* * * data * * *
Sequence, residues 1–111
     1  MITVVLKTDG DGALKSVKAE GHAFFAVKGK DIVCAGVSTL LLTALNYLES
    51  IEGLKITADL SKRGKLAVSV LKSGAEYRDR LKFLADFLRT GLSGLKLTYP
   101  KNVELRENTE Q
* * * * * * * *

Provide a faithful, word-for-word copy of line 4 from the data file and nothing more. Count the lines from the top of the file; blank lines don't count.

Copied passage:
   101  KNVELRENTE Q